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Choosing The Right Mountain Bike For You

DATE: 01/02/2021

Getting off-road is always an adventure. Whether you’re planning on taking your bike downhill, or on some rough and tumble trails, mountain biking is both thrilling and a great exercise. If you’re planning your first off-road trek, finding the right mountain bike to suit your needs might seem like a daunting task. We’ll walk you through the decision making process and help you find the right mountain bike for you.

Frame Size

If you can make it to your local bike shop to get some help finding the right size frame then you definitely should. Frame size is more of an art than a science. The bike’s saddle, and to a lesser extent the handlebars, can be adjusted to fit the rider, but it’s important to pick a frame that suits your individual dimensions. As you barrel down a mountainside, having spent the time to pick out a bike that you can comfortably mount, dismount, and stay in the saddle of will go a long way to make your ride safer and happier. It’s also important to note that the gendered distinction between men’s and women’s bikes - typically a low step through frame for women - is not critical for selecting a mountain bike. The most important thing to consider is the size of the frame.

Tyre Size

What type of off-road riding are you going to be doing most? There are a number of different ways you can get your kicks by going off the beaten path, and the way you most want to use your mountain bike will determine what type of wheel you should be looking at. There are two categories here; the wheel size and the tyre size. Wheel size refers to the diameter of the wheel and typically comes in three sizes for adult bikes: 26”, 27.5”, and 29”. Each size has its own benefits in mountain biking. The 29” wheel is easier to pedal while the 26” offers improved maneuverability which is crucial, especially for new mountain bikers. The 27.5” is a happy medium between the two. The size of the tyre refers to width and could come in a range of sizes, but for mountain biking the bigger the better. You want a lot of tread to increase your traction on difficult terrain. The GR-150 Adventure Road Bike for instance uses a thick 35c tyre allowing this typical road bike frame to survive if you take it onto rough tracks. For even more unsteady surfaces, a fat tyre bike is going to be your best bet. These bikes distribute the weight of the bike and rider over a much larger surface area, letting you ride easily on extremely slippery surfaces.


It’s not essential, especially since it comes with a steeper price tag, but an electric bike is an amazing way to tackle the challenges of off-roading. The electric mid-drive motor, found on bikes like the E-Mojo, offers pedal assist by applying additional torque directly to the bike’s drivetrain. Basically it just makes pedalling more efficient for the rider and makes riding through steep hills much easier.If you’re starting mountain biking for leisure then going electric might be a sensible option.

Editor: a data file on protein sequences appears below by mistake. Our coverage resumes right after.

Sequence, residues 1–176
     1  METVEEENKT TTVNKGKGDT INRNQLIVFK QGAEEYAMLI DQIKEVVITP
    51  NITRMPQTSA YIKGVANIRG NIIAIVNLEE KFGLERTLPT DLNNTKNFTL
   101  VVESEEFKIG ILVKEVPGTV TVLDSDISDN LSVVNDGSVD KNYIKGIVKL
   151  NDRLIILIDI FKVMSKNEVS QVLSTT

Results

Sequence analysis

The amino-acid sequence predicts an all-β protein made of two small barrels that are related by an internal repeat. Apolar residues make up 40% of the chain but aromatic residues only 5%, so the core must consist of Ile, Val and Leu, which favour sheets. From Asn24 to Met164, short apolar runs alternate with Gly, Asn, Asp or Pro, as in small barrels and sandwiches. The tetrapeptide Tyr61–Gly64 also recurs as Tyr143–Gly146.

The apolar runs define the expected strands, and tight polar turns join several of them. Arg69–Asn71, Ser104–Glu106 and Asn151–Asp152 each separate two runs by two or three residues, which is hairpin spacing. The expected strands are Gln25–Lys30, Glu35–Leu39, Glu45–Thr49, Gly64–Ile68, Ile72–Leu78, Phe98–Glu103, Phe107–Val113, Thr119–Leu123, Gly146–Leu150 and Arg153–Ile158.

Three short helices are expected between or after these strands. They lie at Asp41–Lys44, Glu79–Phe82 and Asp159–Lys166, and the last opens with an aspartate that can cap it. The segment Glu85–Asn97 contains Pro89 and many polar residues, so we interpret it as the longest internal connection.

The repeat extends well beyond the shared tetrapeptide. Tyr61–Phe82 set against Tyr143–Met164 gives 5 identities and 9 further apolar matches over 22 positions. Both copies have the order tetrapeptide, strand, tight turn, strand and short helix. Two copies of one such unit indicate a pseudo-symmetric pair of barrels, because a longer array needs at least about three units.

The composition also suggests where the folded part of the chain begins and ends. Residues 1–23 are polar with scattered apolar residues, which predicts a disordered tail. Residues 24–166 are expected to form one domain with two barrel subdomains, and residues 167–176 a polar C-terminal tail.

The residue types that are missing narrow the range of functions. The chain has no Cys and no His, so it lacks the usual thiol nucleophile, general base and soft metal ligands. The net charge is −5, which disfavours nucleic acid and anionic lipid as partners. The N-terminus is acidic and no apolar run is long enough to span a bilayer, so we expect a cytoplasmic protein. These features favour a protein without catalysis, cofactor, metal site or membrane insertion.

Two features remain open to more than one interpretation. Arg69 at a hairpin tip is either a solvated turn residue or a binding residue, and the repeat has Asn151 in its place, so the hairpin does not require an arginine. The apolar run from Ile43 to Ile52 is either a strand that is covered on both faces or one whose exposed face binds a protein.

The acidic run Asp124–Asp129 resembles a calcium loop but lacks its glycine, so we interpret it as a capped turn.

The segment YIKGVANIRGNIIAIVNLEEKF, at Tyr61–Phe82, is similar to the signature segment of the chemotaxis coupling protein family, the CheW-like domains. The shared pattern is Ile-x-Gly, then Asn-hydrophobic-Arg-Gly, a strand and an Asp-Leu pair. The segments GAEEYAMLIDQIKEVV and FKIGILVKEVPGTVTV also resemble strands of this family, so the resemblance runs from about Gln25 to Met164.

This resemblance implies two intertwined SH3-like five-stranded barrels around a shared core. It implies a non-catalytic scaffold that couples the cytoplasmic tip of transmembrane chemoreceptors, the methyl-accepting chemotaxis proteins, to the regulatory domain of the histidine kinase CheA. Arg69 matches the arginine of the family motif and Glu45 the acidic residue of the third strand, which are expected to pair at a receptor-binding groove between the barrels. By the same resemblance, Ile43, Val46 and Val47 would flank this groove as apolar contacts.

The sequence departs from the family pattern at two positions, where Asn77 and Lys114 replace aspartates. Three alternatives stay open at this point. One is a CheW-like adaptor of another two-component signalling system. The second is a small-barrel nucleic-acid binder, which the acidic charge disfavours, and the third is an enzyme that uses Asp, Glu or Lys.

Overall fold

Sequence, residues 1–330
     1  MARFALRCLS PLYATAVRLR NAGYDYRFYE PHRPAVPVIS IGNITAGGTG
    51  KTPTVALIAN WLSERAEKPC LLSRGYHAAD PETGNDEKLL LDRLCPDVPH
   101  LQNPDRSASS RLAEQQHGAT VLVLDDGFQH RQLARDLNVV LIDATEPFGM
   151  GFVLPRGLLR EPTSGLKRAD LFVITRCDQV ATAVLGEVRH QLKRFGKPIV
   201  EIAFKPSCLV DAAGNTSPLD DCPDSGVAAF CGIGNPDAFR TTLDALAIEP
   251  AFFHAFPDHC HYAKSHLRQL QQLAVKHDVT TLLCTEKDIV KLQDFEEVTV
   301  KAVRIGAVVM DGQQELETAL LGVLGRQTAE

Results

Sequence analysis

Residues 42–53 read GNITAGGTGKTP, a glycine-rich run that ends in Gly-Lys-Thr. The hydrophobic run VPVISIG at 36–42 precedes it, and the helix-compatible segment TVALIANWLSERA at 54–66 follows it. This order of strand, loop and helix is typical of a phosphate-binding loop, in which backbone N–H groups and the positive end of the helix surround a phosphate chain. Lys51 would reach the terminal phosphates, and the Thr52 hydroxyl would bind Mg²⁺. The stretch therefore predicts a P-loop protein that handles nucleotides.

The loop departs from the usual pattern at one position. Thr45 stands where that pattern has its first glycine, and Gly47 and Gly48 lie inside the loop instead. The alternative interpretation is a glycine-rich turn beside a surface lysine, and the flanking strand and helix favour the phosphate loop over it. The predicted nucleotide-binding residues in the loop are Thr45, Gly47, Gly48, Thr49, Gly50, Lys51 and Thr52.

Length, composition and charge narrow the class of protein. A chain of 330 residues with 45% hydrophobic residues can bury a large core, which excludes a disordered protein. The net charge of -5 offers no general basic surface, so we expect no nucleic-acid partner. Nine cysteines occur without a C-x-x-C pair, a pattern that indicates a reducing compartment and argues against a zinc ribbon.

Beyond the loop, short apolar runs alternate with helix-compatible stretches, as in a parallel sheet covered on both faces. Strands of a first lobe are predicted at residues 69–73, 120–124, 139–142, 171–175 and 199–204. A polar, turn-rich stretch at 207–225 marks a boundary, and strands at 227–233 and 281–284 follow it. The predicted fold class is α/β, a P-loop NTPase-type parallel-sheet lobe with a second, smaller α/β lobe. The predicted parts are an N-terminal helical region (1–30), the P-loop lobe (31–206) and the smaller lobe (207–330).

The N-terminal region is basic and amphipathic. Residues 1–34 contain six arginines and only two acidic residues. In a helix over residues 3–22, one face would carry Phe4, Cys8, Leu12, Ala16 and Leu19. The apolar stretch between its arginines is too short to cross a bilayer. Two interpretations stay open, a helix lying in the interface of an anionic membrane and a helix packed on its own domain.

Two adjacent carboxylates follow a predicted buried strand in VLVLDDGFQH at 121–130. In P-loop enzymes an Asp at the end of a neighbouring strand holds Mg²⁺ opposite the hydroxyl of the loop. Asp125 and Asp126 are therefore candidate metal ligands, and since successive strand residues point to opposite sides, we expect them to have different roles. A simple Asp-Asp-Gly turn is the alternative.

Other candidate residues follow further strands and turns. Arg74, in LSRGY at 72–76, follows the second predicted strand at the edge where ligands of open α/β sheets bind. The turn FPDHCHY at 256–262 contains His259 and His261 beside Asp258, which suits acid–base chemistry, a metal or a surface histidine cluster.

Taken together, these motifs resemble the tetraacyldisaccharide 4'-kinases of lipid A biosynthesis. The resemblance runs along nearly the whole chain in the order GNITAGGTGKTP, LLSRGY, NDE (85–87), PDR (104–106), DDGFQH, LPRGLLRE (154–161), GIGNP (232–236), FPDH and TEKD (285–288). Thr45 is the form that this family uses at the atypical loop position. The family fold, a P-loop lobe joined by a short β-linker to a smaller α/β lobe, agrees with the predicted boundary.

Let’s talk about the drivetrain. Given that you’re riding on trails, very likely through mountain ranges, you’ll need a lot of variety through your front and rear gears to maintain a steady cadence through hilly areas. A huge range of speeds is not necessary for every rider. Some can get away with just 7 or 8 speed through the rear free wheel, but if you want to get serious off-road, consider something around 21 speeds like the Surge.


You’re going off-road, there’s bound to be a few bumps along the way. A suspension fork will absorb a lot of the unevenness of the rough track to stop you bumping around in the saddle. The shock absorption of the suspension forks also improves maneuverability at high speeds down hill. Suspension forks reduce shock that travels through your arms as you ride, but a dual suspension mountain bike like the Trail also offers shock absorption through the saddle, meaning you’ll barely feel the bumps of the track.

End Of The Trail

Don’t rush into this decision. There are plenty of mountain bikes out there. They’re not going anywhere. If you take the time to investigate all the features you might need to achieve your off-road riding goals then the bike you choose will be with you through many mountains to come.

1 comment

Found this really interesting, thanks for sharing!

Mcelhen Yasa